Folk-Lore/Volume 4/May-Day in Cheltenham

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Folk-Lore, Volume 4  (1893) 
May-Day in Cheltenham
by W. H. D. Rouse

MAY-DAY IN CHELTENHAM.




I GIVE a short account of the May-Day revels in Cheltenham, as I saw them on the 2nd of May last year. The 1st being Sunday, they had been put off till the next day. Some few facts which I gained by inquiry I put in their place, with my informant's name.



The dancers are the chimney-sweeps of the town, two of whom, dressed in ordinary clothes, but with faces blacked, play on a fiddle and a tin-whistle for the dancing. The centre of the group is formed by a large bush: on a framework of wood leaves are fastened, so as to make a thick cone of them, about six feet high, topped with a crown made out of two hoops of wood covered with flowers, fastened crosswise. The mass of leaves is only broken at one place, where there is an opening contained by a straight line and the arc of a circle, like a ticket office, through which peers the face of Jack-i'-the-Green, or the Bushcarrier.[1] Jack advances halfway down the street, and then sets down the bush. Three young men of the party are attached, so to speak, to the bush, and now begin to dance round it. Their faces are blackened; they are crowned with complete caps (not garlands) made of all manner of leaves and flowers. Their dresses are red, blue, and yellow respectively, each of one colour; loose-fitting bodices and trousers of calico, with flower-patterns upon them. These dance lightly round the bush, turning always towards their left, in a tripping polka-step, three trips and a pause, mostly straight forward, but with a turn round now and then. I am informed that they always dance in the same direction.

The rest of the party are two boys and two men, most fantastically dressed: it is almost impossible to describe the dresses. The leader of the whole procession—the Clown—wears a tall hat, whose crown has been cut almost round, and turned back, like the lid of a meat-tin. To this flapping crown is fastened what looks like a bird or a bundle of feathers, and a few long ribbons hang from it; there is a wide pink ribbon fastened round the hat by the brim, with a large blue bird's-wing in front, the feather end rising to the crown. Over a dress of chequered calico and trousers of red and black stripes, is a very large white pinafore, reaching from the neck to the knees, and fastened by one or two knots behind. Across the front run two fringes of coloured stuff, below the waist; and at the bottom is a yellow frill. This he used to flap and make quaint gestures with, now and then fanning himself languidly; indeed, this personage greatly fancies himself. His face is stained by large black rings round the eyes, and a red dab over mouth and chin.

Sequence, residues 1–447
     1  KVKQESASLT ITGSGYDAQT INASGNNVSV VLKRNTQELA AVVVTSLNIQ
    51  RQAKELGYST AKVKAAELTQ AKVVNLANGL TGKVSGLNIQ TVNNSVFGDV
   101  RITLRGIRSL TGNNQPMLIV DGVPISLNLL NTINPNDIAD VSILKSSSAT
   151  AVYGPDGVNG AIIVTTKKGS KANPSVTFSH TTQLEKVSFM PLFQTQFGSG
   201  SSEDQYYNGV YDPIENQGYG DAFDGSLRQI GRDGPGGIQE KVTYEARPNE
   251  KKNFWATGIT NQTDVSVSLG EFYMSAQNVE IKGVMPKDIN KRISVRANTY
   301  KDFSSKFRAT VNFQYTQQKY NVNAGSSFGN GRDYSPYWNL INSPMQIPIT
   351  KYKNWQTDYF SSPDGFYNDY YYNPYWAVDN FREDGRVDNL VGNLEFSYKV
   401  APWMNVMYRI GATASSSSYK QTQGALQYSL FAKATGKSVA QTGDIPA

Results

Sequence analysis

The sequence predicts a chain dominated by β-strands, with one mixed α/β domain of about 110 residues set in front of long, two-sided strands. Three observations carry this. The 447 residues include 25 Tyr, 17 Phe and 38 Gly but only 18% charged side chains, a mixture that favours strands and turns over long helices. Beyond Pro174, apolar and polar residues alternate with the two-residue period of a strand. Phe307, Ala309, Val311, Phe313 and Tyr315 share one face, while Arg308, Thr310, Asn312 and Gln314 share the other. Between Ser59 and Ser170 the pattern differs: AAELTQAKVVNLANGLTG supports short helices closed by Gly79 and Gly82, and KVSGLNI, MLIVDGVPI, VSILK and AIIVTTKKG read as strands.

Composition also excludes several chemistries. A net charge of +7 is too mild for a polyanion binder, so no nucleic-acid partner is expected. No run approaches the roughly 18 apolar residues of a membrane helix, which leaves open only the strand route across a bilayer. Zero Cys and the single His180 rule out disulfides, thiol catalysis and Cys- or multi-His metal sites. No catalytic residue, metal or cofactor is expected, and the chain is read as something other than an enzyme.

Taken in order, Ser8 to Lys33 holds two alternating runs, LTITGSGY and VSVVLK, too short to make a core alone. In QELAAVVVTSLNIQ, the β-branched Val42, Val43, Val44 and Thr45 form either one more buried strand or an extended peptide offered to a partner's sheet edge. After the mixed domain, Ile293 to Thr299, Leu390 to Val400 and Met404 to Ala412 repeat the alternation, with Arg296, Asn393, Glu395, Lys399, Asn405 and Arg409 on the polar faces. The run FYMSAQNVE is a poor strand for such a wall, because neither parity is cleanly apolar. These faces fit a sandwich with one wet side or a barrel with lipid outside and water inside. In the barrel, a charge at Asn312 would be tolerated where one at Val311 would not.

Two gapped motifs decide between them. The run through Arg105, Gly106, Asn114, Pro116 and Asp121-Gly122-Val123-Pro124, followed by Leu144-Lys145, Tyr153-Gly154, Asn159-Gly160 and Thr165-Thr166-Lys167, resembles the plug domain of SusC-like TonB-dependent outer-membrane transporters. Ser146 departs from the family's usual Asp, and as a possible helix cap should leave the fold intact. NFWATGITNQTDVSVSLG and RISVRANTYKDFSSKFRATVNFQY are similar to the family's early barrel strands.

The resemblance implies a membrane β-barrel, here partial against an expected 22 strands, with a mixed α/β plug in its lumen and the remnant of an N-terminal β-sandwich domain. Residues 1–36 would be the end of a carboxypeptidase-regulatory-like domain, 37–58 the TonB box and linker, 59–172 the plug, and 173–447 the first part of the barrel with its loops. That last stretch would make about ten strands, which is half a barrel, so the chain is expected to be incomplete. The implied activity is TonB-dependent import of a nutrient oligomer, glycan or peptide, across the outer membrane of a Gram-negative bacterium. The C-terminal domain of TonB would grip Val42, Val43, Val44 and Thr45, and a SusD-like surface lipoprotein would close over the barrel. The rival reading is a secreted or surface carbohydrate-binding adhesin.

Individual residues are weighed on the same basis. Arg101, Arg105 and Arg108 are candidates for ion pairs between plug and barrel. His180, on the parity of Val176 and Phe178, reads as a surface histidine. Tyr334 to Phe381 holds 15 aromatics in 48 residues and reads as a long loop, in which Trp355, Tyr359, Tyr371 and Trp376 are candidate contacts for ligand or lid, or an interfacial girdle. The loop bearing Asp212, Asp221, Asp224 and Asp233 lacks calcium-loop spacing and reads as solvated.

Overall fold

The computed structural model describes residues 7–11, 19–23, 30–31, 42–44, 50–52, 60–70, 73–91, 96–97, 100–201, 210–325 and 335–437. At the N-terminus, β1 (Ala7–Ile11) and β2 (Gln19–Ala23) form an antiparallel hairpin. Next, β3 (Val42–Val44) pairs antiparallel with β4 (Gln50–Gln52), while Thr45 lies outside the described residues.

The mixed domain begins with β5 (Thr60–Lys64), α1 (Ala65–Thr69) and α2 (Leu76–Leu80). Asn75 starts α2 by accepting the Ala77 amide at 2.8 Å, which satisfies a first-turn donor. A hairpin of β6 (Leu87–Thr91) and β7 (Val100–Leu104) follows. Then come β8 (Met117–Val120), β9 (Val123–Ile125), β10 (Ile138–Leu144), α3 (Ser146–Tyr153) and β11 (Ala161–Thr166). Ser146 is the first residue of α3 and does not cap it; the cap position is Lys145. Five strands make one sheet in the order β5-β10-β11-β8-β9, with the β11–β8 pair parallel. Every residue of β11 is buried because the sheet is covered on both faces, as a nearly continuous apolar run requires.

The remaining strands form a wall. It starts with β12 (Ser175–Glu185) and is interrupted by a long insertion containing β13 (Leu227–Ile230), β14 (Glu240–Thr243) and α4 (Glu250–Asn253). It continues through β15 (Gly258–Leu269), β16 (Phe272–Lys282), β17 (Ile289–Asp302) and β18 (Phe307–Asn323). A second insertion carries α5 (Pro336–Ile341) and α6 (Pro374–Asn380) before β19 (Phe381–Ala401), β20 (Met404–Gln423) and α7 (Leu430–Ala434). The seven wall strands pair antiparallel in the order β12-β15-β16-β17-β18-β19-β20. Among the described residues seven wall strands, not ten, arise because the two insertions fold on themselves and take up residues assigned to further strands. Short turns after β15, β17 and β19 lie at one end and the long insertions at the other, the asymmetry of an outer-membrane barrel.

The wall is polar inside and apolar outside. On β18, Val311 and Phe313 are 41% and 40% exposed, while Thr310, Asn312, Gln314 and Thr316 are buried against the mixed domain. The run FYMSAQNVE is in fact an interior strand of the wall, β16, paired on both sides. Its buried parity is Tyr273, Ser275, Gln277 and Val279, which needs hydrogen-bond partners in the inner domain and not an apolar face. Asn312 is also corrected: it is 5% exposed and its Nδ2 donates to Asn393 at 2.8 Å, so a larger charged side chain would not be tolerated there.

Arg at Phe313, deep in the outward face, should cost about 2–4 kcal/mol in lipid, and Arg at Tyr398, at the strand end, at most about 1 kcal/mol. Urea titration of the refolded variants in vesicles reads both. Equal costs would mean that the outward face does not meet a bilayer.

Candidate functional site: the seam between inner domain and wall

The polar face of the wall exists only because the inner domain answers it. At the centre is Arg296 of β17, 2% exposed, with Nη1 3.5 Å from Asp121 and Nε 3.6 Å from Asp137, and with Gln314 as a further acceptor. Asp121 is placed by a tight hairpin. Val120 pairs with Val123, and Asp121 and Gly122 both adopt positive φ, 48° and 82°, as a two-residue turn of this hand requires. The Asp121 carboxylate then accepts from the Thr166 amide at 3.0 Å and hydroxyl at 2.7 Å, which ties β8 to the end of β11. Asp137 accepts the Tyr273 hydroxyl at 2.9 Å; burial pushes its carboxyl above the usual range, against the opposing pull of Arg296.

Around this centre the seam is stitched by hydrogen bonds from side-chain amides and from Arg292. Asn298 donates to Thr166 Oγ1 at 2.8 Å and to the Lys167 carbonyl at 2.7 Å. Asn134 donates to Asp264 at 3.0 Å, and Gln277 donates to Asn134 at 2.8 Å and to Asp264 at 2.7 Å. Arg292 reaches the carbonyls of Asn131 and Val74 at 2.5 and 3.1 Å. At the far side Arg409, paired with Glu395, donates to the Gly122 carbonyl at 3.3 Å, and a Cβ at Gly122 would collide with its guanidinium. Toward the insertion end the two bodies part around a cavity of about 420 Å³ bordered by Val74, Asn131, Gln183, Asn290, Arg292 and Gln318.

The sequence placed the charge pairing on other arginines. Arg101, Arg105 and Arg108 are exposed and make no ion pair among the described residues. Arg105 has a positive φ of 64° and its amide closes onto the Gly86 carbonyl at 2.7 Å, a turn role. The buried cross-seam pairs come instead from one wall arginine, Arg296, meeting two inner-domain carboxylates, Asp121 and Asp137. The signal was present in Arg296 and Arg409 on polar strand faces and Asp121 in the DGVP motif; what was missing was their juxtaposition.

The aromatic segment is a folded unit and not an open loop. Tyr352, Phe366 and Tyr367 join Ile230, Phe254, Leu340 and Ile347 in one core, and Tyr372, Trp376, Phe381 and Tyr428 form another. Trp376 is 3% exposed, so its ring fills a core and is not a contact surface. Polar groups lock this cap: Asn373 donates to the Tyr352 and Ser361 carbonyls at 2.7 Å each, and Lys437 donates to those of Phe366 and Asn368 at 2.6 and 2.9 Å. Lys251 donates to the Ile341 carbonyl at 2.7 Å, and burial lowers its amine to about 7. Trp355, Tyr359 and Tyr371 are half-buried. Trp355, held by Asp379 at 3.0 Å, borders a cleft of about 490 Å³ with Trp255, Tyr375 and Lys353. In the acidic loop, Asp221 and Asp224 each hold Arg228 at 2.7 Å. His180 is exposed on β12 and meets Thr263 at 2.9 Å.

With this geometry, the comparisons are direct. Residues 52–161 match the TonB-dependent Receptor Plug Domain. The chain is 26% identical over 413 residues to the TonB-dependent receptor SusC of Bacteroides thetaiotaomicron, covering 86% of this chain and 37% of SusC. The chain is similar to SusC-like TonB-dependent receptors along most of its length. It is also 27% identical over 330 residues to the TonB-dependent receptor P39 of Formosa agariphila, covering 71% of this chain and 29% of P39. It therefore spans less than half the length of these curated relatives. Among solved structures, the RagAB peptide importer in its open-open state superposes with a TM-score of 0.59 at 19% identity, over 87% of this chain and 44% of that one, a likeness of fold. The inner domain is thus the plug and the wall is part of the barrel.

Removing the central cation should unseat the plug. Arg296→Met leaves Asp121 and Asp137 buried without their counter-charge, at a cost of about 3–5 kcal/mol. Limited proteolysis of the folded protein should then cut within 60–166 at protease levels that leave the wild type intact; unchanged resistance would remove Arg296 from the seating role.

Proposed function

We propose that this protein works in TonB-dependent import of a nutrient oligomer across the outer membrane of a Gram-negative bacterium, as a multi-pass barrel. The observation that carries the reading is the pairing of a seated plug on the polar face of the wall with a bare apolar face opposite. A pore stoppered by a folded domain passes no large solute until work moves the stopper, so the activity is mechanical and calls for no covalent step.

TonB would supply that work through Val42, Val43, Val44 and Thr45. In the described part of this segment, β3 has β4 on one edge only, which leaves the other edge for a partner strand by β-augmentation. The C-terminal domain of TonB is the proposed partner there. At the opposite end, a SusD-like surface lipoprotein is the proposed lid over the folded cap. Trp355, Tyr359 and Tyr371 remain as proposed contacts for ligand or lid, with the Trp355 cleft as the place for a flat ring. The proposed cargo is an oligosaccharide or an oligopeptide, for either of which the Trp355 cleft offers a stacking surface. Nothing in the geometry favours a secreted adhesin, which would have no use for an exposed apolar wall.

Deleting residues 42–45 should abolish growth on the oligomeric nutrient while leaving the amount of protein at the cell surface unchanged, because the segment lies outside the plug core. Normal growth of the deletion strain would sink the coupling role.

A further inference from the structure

The second man wears a red fool's-cap, with a tassel, all stuck with flowers. On the right and left breast of his white pinafore are stuck or painted black figures, meant for human beings; and behind, a large black pattern in the shape of a gridiron, with a red bar crossing it diagonally.

The two boys have white pinafores, with similar figures, or stars, on the breast, and a fish on the back; their white pinafores are cut away in the shape of swallow-tail coats, the tails flying out behind. One wore a girl's hat stuck with flowers.

Most or all of these last five carried in the left hand an iron ladle or spoon with holes pierced in the bowl, which they held out for contributions; in the right they had a stick, with some kind of a bladder hung on to the end. Whirling this, they ran about, and tried to strike the passers-by, who scampered off, shrieking, as hard as they could go. They sometimes danced, sometimes roared, and pretended to bite any child who ventured too near. Their faces, like their leader's, were painted in divers colours, fearful and wonderful to behold.